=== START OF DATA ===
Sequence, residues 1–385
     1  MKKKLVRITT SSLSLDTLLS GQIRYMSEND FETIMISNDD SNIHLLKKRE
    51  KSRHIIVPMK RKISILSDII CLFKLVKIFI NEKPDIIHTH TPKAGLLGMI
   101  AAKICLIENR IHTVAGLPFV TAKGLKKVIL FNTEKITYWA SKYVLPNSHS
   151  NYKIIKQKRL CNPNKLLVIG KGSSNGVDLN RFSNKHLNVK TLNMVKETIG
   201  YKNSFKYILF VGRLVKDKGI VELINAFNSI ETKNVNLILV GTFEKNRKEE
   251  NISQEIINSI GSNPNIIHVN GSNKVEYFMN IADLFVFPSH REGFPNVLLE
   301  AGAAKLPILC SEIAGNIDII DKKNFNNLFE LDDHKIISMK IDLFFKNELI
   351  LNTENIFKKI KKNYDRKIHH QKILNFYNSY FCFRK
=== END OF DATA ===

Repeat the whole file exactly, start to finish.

Sequence, residues 1–385
     1  MKKKLVRITT SSLSLDTLLS GQIRYMSEND FETIMISNDD SNIHLLKKRE
    51  KSRHIIVPMK RKISILSDII CLFKLVKIFI NEKPDIIHTH TPKAGLLGMI
   101  AAKICLIENR IHTVAGLPFV TAKGLKKVIL FNTEKITYWA SKYVLPNSHS
   151  NYKIIKQKRL CNPNKLLVIG KGSSNGVDLN RFSNKHLNVK TLNMVKETIG
   201  YKNSFKYILF VGRLVKDKGI VELINAFNSI ETKNVNLILV GTFEKNRKEE
   251  NISQEIINSI GSNPNIIHVN GSNKVEYFMN IADLFVFPSH REGFPNVLLE
   301  AGAAKLPILC SEIAGNIDII DKKNFNNLFE LDDHKIISMK IDLFFKNELI
   351  LNTENIFKKI KKNYDRKIHH QKILNFYNSY FCFRK